“The leadership we provide in these hard times will be measured by how well we take care of our youth, our elders and our disabled. There are other options and we should look at other options before making these types of cuts,” said Sen. Albert Hale (D-2).

The Senate Republican budget makes $661 million in cuts, uses $153 in payment rollovers and sweeps $393 million from agencies. It utilizes the $737 million in Medicare match rate and $324 from stabilization funds from the American Recovery and Reinvestment Act. The bills count on $240 million in additional revenue including the sale of three state prisons, unclaimed property and the elimination of Rio Nuevo tax financing. It also counts on $50 million in AHCCCS fraud reduction.

Amendments are described and ordered by agency below. The member’s name who introduced the amendment is in parenthesis.

Arizona Department of Administration: Strike definition of “eligible dependents”: The purpose of adding this new language is to supersede the new state rule approved last year that allowed for domestic partners of state employees, both straight and gay, to qualify for state health insurance coverage. (Aboud)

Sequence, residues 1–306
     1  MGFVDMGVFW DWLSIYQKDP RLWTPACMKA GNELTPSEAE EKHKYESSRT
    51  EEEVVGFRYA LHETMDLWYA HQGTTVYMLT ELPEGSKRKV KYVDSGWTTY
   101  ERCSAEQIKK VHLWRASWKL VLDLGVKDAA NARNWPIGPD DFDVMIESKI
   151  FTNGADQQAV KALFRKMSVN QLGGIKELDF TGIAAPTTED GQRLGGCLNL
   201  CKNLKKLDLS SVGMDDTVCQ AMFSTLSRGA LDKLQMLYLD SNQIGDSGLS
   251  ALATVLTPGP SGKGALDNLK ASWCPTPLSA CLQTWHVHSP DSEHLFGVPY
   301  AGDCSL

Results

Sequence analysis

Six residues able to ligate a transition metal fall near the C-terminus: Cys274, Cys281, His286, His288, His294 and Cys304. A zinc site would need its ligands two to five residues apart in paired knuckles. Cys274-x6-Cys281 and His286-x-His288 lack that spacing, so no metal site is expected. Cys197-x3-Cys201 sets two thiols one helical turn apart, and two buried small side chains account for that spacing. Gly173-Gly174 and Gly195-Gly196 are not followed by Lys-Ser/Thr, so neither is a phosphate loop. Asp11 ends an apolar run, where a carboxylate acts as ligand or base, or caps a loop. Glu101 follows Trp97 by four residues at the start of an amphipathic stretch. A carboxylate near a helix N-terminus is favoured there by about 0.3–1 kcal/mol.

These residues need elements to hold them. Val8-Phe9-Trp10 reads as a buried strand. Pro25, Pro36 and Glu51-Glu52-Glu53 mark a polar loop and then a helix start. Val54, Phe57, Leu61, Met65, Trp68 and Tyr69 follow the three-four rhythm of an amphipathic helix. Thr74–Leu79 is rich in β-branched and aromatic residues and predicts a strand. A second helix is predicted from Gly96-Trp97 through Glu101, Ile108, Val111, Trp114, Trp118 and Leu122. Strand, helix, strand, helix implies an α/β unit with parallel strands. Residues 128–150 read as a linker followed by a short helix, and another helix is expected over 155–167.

Agriculture: Restores fund sweeps from the commercial feed fund (14,600), the designated fund (107,800), the fertilizer materials fund (17,300) and the pesticide fund (19,700). (Aguirre)

AHCCCS: Change eligibility for KidsCare back to 200% (Hale)

Office of the Attorney General: Restores general fund and other fund money to the AG’s Office totaling $10.9 million ($6,629,100 in General Fund and $4,242,900 in other funds). (Rios)

Department of Commerce: Restore $931,000 to rural communities through the Greater Arizona Development Authority. (Aguirre)